Senex I think that you are more or less bang-on when you say that state use of force prevents people from using force against others. That is what I have been trying to get across for ages. I do not really agree with social contract theories of state but that is probably best left as an argument for another time. I would also generally agree that taxation is justified on the basis of securing some end, however I would say that a potential end could be just distribution of resources, which is a deontological proposition.

        Richard, have you considered how courts make decisions? If they are applying the law then they cannot be deciding purely on a case by case basis: they are applying standards that purport to be general. That is what law and morality are. If they are deciding on an ad hoc basis then it is simply an instance of one group of people arbitrarily deciding on how to use coercion against another person, which is what I thought you wanted to avoid. Courts have to judge moral questions because someone has to in order to get things done. The moral arguments I am making are abstract versions of the reasoning process a court will go through when it decides. As I said before, it is the argument that makes something right, not who makes it.

        If all you are saying is that I should not be the dictator of the world and that some participatory process is needed to ensure justice is appropriate then of course I agree. I do not see how that in any way touches upon the truth of my arguments about taxation.

        Of course I agree that when a court is deciding on an issue the effected parties should be able to present arguments. Who wouldn’t? But there are clearly instances where force must be used without a court: this is not a contradiction I’m afraid. We simply cannot have courts dealing with emergency uses of force, such as in the examples I provided. Courts cannot be used to sanction every use of force. That would quite simply not work. That is what I mean by the non-judicial use of force being legitimate in certain circumstances. As for how this relates to tax, coercion is only ever employed for tax evasion after a court hearing. Individual arbitration complements general policy in questions of redistributive justice.

        About taxation in general: let us assume for the sake of an argument that some redistributive tax is required because everyone has a moral duty to contribute some appropriate amount to support the collective. If that is so, how would we define and organize this? We cannot hold court cases in respect of each person. What we would do is make a collective decision on some taxation policy. (Just in case you mistake this statement for an endorsement of the Westminster system, let me state that it is not. We can imagine a direct democracy of, say one thousand people doing just this.) If particular individuals feel that it is unfair to them then they can question this in court. The presumption is that they should pay because this is what justice seems to require. Once again, individual arbitration complements collective decision making.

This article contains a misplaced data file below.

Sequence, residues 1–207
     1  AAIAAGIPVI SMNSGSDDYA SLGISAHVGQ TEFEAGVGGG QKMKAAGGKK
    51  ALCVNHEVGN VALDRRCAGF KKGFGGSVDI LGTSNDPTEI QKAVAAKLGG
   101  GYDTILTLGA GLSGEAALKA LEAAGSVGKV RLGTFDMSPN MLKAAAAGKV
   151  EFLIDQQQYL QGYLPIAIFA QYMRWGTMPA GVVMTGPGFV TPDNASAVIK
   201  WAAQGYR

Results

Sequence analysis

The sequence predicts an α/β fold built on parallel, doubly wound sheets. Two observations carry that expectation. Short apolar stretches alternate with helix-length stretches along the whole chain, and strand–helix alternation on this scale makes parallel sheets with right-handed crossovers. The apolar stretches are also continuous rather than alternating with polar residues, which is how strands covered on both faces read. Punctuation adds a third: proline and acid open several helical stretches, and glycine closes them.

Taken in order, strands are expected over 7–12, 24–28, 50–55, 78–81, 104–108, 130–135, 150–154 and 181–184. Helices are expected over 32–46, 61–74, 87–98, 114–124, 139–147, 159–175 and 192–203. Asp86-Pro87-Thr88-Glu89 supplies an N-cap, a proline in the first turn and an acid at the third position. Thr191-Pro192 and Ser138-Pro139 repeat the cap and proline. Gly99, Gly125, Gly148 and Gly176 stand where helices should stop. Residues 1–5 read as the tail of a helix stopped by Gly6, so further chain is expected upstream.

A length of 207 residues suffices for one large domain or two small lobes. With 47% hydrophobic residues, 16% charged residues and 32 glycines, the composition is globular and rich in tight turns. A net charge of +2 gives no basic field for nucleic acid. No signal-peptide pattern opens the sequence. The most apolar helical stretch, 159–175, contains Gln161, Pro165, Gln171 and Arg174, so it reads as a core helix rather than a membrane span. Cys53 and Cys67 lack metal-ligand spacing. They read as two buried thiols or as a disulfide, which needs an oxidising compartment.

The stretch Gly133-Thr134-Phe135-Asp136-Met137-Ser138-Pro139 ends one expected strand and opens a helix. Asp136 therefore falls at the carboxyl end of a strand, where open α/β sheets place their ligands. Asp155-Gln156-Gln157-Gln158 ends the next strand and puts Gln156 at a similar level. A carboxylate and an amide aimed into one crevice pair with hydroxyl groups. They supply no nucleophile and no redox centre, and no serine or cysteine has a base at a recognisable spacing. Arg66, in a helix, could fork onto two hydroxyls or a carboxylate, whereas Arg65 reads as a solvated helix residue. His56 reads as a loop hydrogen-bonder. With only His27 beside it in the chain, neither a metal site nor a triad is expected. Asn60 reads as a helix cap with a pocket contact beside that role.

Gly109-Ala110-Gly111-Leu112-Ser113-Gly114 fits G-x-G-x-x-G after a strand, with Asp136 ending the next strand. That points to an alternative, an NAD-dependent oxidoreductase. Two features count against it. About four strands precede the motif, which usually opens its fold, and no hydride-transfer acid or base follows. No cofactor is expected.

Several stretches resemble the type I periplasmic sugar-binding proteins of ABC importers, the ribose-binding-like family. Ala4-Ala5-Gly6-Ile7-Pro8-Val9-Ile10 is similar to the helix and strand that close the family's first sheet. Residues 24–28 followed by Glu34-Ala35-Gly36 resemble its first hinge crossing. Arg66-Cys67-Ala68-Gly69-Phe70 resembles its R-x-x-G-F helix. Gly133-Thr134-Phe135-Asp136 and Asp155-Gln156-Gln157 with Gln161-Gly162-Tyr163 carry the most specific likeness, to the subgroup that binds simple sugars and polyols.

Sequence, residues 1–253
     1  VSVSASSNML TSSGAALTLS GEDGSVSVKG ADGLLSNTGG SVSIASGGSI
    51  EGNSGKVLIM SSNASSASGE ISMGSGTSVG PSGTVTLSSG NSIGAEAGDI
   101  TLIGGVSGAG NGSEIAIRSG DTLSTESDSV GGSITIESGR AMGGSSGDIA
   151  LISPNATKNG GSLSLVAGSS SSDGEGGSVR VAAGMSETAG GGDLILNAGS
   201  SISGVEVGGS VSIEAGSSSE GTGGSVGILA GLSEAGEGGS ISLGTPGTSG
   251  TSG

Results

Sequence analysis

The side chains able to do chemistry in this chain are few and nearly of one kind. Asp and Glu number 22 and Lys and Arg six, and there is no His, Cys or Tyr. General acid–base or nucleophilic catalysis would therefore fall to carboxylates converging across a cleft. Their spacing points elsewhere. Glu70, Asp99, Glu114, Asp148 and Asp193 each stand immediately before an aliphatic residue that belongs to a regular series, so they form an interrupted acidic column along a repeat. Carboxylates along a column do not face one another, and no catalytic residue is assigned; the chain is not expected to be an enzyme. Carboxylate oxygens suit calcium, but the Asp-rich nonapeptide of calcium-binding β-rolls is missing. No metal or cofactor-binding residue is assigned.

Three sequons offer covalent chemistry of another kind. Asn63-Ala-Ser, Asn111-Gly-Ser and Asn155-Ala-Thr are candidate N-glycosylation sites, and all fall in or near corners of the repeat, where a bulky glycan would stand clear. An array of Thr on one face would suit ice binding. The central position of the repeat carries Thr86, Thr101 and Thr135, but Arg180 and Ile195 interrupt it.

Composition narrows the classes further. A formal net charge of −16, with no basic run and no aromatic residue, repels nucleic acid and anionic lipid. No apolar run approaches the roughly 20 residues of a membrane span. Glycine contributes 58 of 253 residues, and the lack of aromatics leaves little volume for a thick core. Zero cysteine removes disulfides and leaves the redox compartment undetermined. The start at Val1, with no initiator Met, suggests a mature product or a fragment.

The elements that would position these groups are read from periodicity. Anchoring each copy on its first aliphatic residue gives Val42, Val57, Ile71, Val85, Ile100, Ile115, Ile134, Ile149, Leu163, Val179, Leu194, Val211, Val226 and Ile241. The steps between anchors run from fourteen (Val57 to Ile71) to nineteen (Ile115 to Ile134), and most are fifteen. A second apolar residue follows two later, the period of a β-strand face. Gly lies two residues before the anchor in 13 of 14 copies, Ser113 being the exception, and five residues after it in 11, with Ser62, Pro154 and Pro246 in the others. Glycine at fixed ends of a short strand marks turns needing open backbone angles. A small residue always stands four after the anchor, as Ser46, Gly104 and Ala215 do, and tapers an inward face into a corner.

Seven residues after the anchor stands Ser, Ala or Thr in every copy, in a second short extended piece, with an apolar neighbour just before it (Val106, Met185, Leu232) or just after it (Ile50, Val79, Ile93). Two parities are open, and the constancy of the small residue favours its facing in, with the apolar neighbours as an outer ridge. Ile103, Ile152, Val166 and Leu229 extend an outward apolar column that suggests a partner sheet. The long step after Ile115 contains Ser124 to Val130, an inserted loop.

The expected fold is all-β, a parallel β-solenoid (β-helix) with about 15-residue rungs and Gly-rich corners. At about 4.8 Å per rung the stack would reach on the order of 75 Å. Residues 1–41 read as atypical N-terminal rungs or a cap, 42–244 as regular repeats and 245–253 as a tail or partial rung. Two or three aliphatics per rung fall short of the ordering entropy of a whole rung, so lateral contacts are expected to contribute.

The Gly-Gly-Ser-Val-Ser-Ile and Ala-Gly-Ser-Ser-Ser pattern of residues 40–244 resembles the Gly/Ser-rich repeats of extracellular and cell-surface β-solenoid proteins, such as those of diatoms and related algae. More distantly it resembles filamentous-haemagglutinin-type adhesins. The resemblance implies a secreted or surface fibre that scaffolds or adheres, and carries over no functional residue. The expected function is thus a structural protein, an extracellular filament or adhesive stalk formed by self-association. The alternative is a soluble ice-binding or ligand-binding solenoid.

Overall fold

If you want to argue against the notion that redistributive taxation is not morally required then you need to address my general arguments about why there should or should not be redistribution. You have not done so. Just to remind you, these are the argument that justice requires that people have a fair distribution of resources and that you cannot rule out taxation because it requires someone to actively do something.

        If you are simply going to repeat that taxation should not exist because it is a general policy, or that it is not our place to judge, then we really have nothing to discuss. By doing so you would be avoiding my arguments rather than disproving them. The fact of the matter is that the question of whether or not we should redistribute needs to be answered. Your strategy seems to be one of saying that we cannot discuss the question because only courts can make judgments about justice and that courts cannot deal with taxation issues because they are general policies. That is argumentative slight of hand and not an engagement with the issue: my argument is that redistribution of some kind is morally justified.

        You are asking me what law is not justiciable and I have no idea why (other than to score some kind of rhetorical point). Of course the courts decide matters of law. Law needs to come from somewhere though. That is why legislation exists and why moral arguments give us abstract principles of reason. Courts could not function without these things. I simply do no know what you mean by the ‘basis upon which courts should be deciding’. If you mean what counts as law then I think that courts are as involved in that process as legislatures. It seems to me as though you are imagining some non-existent legal system. Such a system might be a good system but you need to explain more clearly what it is.

      • Richard said:

        Alex – “Senex I think that you are more or less bang-on when you say that state use of force prevents people from using force against others. ” – I agree that is the rhetoric